There are no other profitable avenues available in this harsh terrain where only six per cent of the land is cultivable, mostly with a single crop. Then there are places which are too high for any crop to grow at all and where people live mainly off animal products and from money earned by working as porters for trekking groups.
It is time the Khyber Pakhtunkhwa government treated Chitral as a special area when looking at it as part of the Malakand division. Failure to do so will cause resentment among the peace-loving people.
Tourists who have entered Pakistan with a valid visitor’s visa are going to get a huge shock when they are asked to get an NOC “12 days in advance” by the government of Khyber Pakhtunkhwa.
The negative impact of this order will really be felt on tourism in the next season when the current lot of visitors to our country returns with horrible stories about their vacations in Pakistan.
Disabilities may be a matter of concern for some who go through the various discrepancies in life in attempts to coup with the disadvantages and discrimination.
For Swede Anneli Wester, her handicap of living with just four fingers on the right hand have given a new meaning to life. After spending a night at the top of Muztagh Atta, the highest mountain on the Chinese side of Karakorum, Wester is all set to spend a night on top of Gasherbrum-1, a feat which remains unprecendented in the history of mountain climbing.
Wester had a troubled past when she had to go through child abuse and a broken family saga and in a failed attempt of trying to kill herself, Wester suffered colossal injuries on both hands and was deprived of all the fingers on the left hand.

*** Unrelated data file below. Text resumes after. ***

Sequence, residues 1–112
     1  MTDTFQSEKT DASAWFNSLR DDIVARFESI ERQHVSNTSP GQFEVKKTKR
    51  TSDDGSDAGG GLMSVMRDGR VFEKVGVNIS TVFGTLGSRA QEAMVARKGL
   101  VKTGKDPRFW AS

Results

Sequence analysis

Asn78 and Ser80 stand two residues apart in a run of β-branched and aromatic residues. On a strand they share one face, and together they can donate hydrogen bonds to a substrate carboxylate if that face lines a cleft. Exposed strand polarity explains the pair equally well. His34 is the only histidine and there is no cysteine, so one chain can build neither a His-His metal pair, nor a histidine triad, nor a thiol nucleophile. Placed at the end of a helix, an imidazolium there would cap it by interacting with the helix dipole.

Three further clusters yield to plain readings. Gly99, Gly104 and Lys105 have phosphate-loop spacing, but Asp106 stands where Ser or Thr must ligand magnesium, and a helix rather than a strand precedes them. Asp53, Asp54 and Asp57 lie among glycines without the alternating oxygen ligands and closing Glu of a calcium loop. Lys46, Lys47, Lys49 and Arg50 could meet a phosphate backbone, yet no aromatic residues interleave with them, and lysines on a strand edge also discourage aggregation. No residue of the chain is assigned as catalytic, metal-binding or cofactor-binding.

She graudally pulled herself together from the ordeal and spend seven years couping up with the mental trauma she had to go through. with a Masters degree in Law, Wester soon realised the fake surroundings and illicit drama of the corporate world and decided to pursue a career in Hard Climbing, fighting her handicaps.
She has now landed in Pakistan and after spending a few days in the siltering weather of Pakistani Capital, she is now in Skardu, organising her gear for the mindless feat.
Elaborating the reasons behind her decision to be the first climber to spend the night on top of an 8000er, Wester said:
"It actually started by focusing on possibilities for me to climb a mountain. I used to have very poor legs and I couldn’t walk long distances. I had to shorten the distance between camps, and also between high camp and the summit. It was also a matter of safety, there is a lot of theft in the mountains and I was afraid someone would steel my gear if I left it in the tent when going for the summit.
So one day I started to play with the thought of carrying everything up with me and it didn’t take long until I realized this is the way to do it".
sharing some insights about her troubled past, Wester said:
"I had been trough bad abuse when growing up, and my mum was a bit of a broken soul, and my reaction to this was to hurt myself. I burned my self so badly that I have lost 6 fingers. Mistreatment from the health care made it even worse. After seven years I started my struggle back to life. I was in a terrible condition, both physically and mentally and every day was a battle. As I said, I’m very creative and have now put all my energy and focus on life. Slowly, slowly I have found ways to cope. It's a miracle that I survived those years, but it's an even greater miracle where in life I'm today. I use the same methods in climbing, or whatever I do out there, as I did returning back to life. I’m still disabled in many ways, both physically and mentally, but focusing on possibilities and what I can do instead of what I can’t do it seems to me like there are no limits out there".
Pakistan Explorer (www.pakistan-explorer.com) wish her all the best in her meteroic endeavour. Good luck Anneli!